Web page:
Lift fire rating to EN1363-1

Just wondering if anyone can offer some background or advice. I see that a Feb '13 erratta to C/ASx removed EN1363-1 from C5.1.1 (test standards for fire rated elements). I have a client who wants to install a lift with landing doors tested to EN1363-1… so curious as to why EN1363-1 was removed and if it may be possible to assess them to comply with NZS4520? Was/is EN1363 less stringent?
EDIT: NZS4520 is the incorrect standard, would be AS1530. Also just heard from Ed Soja and seems they have done an assessment to AS1530.4:2008 before…

Hi Rob,

Under the Building Act (BA04), proposed changes to the Acceptable Solutions and Verification Methods must be publicly notified under s29(2) via the Gazette (see BA04 definition of publicly notify under s7), where the reasons (or references to where reasons can be found) for the changes are given. This errata was not publicly notified (going by my Gazette database and the online version) as there is no Gazette notification number for these changes. As such, it is not possible to formally know what the administrative reasons for the changes were (or any of the other changes in this errata revision) unless you were to request for this information via the OI Act (I have no idea myself).

I suspect that the real nature of your question is whether your client can use lift doors tested to EN1363-1. Whilst TA’s routinely allow ‘minor’ permutations to the C/AS & C/VM instruments, it is strictly not in accordance with the BA04 (s22(2)), not that such concessions are always harmful (and sometimes very helpful in a practical sense). However, this is a negotiation exercise which I am sure you are more than familiar with and capable of presenting (should you hopefully have enough information to assist your client). I have never looked into this issue, so I have no idea about the robustness of EN1363-1 off-hand.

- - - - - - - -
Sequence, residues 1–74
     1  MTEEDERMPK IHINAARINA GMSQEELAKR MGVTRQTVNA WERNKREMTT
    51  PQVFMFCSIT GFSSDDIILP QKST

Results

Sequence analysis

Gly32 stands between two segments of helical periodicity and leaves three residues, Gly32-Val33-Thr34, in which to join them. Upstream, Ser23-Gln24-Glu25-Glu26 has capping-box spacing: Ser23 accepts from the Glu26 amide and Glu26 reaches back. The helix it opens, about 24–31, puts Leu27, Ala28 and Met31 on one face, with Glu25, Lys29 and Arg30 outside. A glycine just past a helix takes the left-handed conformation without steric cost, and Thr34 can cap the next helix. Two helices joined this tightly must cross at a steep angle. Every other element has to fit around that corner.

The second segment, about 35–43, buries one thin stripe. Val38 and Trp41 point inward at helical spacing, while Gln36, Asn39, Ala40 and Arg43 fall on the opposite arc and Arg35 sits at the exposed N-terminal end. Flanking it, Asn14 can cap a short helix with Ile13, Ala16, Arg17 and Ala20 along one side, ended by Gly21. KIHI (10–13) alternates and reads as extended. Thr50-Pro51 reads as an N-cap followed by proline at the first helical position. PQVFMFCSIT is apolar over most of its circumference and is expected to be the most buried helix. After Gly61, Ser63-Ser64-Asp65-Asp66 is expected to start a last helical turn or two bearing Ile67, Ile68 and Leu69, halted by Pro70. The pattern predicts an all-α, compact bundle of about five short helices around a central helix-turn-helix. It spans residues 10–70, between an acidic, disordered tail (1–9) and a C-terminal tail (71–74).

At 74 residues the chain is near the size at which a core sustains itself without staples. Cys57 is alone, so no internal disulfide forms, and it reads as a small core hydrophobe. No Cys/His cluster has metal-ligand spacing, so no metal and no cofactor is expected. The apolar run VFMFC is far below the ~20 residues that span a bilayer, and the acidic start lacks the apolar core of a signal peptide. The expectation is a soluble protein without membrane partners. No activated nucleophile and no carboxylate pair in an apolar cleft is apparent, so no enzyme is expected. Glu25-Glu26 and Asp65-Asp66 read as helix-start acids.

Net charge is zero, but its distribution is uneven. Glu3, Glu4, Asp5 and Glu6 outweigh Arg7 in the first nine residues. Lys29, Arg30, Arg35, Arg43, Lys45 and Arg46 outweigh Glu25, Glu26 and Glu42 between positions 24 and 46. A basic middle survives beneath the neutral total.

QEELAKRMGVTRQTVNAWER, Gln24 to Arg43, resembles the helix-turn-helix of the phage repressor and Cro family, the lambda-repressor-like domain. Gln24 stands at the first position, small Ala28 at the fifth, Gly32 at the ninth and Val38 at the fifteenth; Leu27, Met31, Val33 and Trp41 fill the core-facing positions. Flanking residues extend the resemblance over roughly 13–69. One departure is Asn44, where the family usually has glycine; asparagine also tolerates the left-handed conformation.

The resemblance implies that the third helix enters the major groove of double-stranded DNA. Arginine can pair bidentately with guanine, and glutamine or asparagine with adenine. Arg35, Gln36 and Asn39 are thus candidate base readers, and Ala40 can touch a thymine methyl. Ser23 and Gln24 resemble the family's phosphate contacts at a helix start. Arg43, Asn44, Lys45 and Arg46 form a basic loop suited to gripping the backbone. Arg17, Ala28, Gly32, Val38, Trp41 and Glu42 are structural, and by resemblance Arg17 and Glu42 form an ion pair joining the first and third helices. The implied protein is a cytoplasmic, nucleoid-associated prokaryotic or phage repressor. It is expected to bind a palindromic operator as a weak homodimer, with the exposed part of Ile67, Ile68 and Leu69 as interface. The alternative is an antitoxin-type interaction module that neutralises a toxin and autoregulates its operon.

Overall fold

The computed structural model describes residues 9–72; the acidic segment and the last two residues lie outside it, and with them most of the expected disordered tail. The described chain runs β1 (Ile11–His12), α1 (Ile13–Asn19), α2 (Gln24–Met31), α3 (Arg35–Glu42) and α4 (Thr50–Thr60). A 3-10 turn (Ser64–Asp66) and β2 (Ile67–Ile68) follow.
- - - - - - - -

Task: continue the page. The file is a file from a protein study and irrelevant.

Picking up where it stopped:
As a matter of side interest, the Gazette is something that the courts given their opinion on, with the most notable case being Singlewood v Attorney-General Court of Appeal 328/88 [1988].

There are other ways to solve this kind of problem, but I would be here all day writing it up, they only work under certain circumstances, and I have paper deadlines to meet. I only took the time to answer this question (to which I hope you found some of it interesting, maybe useful) as it is an area of research and publication of mine that UC is undertaking for engineering-based issues across Australasia, to which I have been publishing and presenting in Australia as NZ’s technical avenues are too limited (such issues - in my view - are economic issues caused by how our laws are written which have an effect on the engineering market, a different line of enquiry that uses different tools than what is found in the engineering literature).